It’s hard to be the oddball, so begin by discussing your concerns with your closest coworkers. From there seek out co-workers that acknowledge the moral bankruptcy of the moral revolution. Find a group of like-minded employees, band together, and fearlessly stand on your convictions in a winsome and joyful way. This may mean writing a thoughtful email, though sending an email to the top will likely be less impactful than first sending it to your immediate supervisor. It might also mean calling a meeting to voice your unified opposition.
At The New York Times, 150 out of 1200 employees demanded that Donald McNeil be fired. Why? Because he used the N-word in describing why not to use the N-word. The voices of a mere 12% of employees caused a man to get fired. This can happen in your company too, but in which direction? What if you organized the other 1,050 people to push back? They wouldn’t all join you, but many would. One of the felicities of this approach is that principled obstreperousness would be put in the right direction.
A church that swallows up self-sufficiency in favor of mutual dependence (i.e. the hand needs the foot and the foot needs the eye) can be a powerful force. For the church to become what sociologists call a “deviant subculture,” it needs to support church members when they register disagreement at their job. The church needs to see that one of the best ways to subvert the poisonous values of society is for Christians to offer resistance when their company joins the moral revolution. When Christians resist, they demystify the moral revolution and help others see evil for what it is.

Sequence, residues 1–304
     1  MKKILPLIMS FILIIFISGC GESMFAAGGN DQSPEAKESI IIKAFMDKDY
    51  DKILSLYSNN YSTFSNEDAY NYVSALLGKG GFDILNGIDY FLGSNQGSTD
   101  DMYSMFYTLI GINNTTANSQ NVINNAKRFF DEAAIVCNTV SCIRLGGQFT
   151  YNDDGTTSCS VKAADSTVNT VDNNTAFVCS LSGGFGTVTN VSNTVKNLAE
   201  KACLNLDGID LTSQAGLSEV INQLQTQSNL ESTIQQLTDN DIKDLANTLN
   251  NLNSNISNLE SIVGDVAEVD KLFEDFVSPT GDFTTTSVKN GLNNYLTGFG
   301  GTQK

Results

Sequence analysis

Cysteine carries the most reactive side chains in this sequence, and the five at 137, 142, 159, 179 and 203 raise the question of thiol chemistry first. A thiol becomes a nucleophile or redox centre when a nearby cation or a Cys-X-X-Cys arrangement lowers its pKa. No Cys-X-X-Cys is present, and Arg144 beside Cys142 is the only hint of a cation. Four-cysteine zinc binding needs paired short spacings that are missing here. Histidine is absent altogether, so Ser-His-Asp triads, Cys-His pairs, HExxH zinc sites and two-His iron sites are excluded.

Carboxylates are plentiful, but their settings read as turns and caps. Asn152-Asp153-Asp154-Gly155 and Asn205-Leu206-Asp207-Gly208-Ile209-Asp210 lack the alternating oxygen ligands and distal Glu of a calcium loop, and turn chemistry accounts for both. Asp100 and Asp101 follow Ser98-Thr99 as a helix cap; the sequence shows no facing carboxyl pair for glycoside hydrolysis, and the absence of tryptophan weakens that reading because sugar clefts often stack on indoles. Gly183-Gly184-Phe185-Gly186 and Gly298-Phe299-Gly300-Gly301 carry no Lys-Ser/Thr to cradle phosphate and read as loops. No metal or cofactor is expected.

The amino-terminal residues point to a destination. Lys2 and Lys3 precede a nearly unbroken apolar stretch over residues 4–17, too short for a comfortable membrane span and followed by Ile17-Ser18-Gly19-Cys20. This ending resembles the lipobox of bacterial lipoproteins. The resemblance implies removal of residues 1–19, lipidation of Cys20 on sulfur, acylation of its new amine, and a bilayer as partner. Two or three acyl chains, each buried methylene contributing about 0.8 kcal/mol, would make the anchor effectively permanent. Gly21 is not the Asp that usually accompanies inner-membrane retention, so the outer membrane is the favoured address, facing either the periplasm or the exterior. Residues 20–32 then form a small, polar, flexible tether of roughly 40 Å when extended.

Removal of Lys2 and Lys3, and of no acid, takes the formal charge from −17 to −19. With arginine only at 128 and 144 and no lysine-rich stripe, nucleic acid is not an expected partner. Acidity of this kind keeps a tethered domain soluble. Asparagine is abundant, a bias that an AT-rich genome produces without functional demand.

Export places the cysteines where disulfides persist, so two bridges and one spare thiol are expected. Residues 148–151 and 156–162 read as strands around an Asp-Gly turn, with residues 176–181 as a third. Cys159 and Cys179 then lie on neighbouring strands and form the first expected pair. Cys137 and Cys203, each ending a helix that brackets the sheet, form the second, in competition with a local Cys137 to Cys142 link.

But voicing displeasure with the cultural revolution may put you in the crosshairs of your company. Since you risk losing your job, the church should have your back. No Christian should feel like he is fighting this battle alone. Christians should know in advance that the church will be there to provide for them. And if it ever comes to it, Christians should know that if they are thrown in jail for speaking against evil, the church will care for their wife and kids, provide legal aid, and visit them often. We know that all who desire to live a godly life will be persecuted (2 Tim. 3:12). The faithful should not suffer alone.
There is a risk that you’ll lose your job if you resist. This is the primary reason Christians keep silent. So, we must begin formulating backup plans and asking the question, “What will I do if I lose my job?” But more than making backup plans, we need to be proactive and create alternatives. What would it look like if more Christians became entrepreneurs? What if local churches offered training on entrepreneurship? This would give more Christians the opportunity to take risks and speak out, or to proactively pull out of corporations and government jobs. In other words, it would enable Christians to become antifragile. It’s not that every Christian should abandon corporate America or their government job. Corporate America has culture-shaping power and we need Christians in those jobs, fighting the fight of faith. But neither can Christians allow their moral conscience to go silent because they fear losing their job.